crafts · Quilting · Quilts · sewing · Uncategorized

Tis the Season #3

I know, I know. Christmas has come and gone. The New Year is upon us. I’m going to share another Christmas wall-hanging anyway because this Christmas quilt hangs in our basement all year long. (It’s lap-quilt size, but I didn’t want this one to get the amount of wear that a lap-quilt gets laying on the back of the couch, so we hung it up.)

I chose to use Christmas fabric for this quilt as I had a ton of Christmas fabric in my stash that we had planned to use to make stuffed wreaths.

Many, many years ago (like over 30!) when I was in fifth grade, my teacher used to do craft projects with interested students after school. One time we painted bird-shaped suet holders (which I still hang outside every summer minus the suet). We made gingerbread houses. And we made stuffed wreaths. All these years later, and I still have the pattern pieces. What I didn’t have was a good memory as to how it was all put together. Sadly, we flubbed up and ended up with something completely unusable!

But I wasn’t about to let that fabric just languish in the closet. (I have plenty of fabric that has languished in the closet. Christmas fabric is too special for that fate.)

I wish I could remember where I found the pattern for this quilt. I think it must have been in a book I checked out from the library because I know it isn’t in any of the books I own. If I had to guess, I’d say it was in a book where all the patterns used jelly roll strips.

(Check out the really awesome hanger my husband made for this quilt. He’s made many of these for my quilts.)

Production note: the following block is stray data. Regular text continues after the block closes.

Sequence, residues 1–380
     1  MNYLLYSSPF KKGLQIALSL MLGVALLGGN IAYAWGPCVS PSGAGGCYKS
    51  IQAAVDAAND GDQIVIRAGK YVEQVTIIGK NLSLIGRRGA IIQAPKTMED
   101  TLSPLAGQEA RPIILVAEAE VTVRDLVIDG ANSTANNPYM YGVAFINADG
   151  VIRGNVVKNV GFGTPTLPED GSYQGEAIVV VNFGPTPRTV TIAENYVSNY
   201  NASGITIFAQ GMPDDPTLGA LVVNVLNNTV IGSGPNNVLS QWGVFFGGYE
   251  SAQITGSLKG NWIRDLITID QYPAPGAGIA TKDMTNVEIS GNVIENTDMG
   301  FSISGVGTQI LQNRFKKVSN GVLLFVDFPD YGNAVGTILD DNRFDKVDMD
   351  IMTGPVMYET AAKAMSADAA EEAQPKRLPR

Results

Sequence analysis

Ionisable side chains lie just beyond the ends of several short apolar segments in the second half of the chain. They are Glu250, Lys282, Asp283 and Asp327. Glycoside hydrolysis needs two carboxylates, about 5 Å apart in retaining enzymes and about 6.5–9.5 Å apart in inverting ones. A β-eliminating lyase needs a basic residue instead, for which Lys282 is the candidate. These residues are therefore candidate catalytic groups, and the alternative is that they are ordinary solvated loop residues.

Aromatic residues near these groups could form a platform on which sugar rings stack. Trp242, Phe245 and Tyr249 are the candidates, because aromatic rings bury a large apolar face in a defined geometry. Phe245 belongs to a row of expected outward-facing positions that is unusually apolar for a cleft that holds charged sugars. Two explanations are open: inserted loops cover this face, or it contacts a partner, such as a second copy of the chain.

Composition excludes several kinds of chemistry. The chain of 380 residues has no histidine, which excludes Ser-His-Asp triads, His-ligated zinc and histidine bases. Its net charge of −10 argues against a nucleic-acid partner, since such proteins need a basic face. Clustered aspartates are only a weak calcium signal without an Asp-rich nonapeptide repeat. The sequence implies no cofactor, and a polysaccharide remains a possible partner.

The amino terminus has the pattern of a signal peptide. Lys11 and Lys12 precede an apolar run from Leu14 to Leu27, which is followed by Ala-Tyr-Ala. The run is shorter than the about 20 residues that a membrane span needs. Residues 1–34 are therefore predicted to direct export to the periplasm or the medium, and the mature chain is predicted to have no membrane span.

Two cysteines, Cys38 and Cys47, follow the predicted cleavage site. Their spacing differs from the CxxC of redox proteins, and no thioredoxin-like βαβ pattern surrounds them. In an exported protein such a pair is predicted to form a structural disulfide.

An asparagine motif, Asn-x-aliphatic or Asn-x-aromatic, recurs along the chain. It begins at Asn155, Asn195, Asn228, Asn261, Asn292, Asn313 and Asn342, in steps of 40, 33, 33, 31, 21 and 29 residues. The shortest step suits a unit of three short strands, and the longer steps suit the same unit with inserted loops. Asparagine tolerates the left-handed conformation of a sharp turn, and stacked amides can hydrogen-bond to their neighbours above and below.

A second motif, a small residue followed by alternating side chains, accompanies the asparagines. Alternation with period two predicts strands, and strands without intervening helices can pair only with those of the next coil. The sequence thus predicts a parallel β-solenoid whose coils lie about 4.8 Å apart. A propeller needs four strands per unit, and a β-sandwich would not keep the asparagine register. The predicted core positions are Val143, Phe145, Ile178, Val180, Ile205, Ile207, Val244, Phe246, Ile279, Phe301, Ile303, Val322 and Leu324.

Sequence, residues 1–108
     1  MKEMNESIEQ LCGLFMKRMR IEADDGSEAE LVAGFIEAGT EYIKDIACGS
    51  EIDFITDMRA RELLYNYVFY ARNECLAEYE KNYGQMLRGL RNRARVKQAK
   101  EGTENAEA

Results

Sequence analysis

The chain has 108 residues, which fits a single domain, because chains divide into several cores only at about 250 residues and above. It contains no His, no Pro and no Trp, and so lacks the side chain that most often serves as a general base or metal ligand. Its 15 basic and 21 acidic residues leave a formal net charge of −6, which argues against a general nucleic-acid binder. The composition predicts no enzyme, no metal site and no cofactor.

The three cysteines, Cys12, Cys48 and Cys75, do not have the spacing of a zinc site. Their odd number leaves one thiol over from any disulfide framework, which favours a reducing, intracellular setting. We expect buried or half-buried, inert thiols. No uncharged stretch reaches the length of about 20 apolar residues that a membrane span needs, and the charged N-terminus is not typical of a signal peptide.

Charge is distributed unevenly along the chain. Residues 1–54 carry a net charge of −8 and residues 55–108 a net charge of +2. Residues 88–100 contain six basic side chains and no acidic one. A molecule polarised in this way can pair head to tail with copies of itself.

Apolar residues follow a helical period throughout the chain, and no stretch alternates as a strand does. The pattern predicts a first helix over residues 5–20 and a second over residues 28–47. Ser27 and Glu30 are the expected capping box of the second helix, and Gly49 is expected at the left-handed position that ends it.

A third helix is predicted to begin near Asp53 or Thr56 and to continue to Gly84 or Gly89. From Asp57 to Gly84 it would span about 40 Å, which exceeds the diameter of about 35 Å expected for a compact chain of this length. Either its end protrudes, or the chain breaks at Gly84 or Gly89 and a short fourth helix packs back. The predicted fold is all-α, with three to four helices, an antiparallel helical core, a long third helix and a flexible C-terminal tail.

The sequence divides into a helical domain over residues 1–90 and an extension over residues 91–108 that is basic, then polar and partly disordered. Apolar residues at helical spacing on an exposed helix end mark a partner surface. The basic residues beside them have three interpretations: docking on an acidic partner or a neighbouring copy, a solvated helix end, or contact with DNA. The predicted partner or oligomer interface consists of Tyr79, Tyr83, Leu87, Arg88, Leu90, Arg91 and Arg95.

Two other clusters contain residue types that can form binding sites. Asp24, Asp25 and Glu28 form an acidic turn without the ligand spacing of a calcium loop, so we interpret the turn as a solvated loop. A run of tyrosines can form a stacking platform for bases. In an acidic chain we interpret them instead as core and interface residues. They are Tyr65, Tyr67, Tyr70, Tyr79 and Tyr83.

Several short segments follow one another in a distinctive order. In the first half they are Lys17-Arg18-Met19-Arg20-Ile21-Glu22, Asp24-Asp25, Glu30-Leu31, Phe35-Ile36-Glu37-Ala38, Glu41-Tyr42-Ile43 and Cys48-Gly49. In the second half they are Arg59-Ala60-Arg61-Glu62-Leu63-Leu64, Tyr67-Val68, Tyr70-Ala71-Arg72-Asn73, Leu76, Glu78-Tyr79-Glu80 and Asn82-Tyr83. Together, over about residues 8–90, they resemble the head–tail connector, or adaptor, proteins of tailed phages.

The giant plain squares and triangles of bluish fabric needed a lot of quilting to make them interesting.

Here’s to hoping 2022 is uneventful and boring. Who thought that might ever be a wish for the new year?

crafts · Uncategorized

Merry Christmas

Today seems like the perfect day to share my favorite homemade Christmas ornaments. I’ve given away many to family over the years. Here are a few that are hanging on our tree:

Supplies needed:

  • 3-in styrofoam ball
  • cross-stitch fabric, pattern, and floss
  • scrap of beads (opt.) and scraps of ribbon
  • Christmas fabric scraps
  • glue (I use Aleene’s Original Tacky Glue)
  • grapefruit knife
  • a 2 3/4″ or 3″ diameter circle cut out of paper

Directions:

  1. Select a cross-stitch pattern that, when complete, will fit within the diameter circle you have chosen with a bit of unstitched fabric left around the edge.
  2. Stitch your pattern, place the paper circle on top of the cross-stitch design, trace along the edge of the paper pattern, and cut out your design.
  3. Glue the cross-stitch design onto the styrofoam ball, leaving a small amount along the edge unglued. (approx. 1/4″)
  4. Using the grapefruit knife, gently tuck this unglued edge into the ball.
  5. Begin adding scraps of fabric to the ball. (Glue is unnecessary for this step.) Simply tuck the edges (probaby about 1/2″) of the fabric into the ball with the grapefruit knife. A tiny bit of planning on fabric placement will allow you to have a middle point where you can tuck in a ribbon for hanging. (I’d use glue on the hanger.)
  6. Glue a bit of ribbon around the edge of the cross-stitch design. Add a string of beads if desired.

Here’s the back of one of my ornaments so you can see how I arranged the fabric:

Quilting · Quilts · sewing · Uncategorized

Tis the Season #2

I don’t often put dates on many of my projects anymore, and I don’t know if that’s a good thing or a bad thing. While it’s interesting to know how long ago I completed a project, sometimes it’s a bit of a shock to see that a decade or more has passed since I made the final stitch. It makes me feel like my life is just flying by. Such is the case with this little snowman cross-stitch wall-hanging which I completed 12 years ago.

Whoops!

Nope!

13 years ago.

It’s not that I lack math skills for calculating how many years have passed, but rather it’s the fact that for a moment I thought it was still 2020. Some days it feels like 2020 came and never went.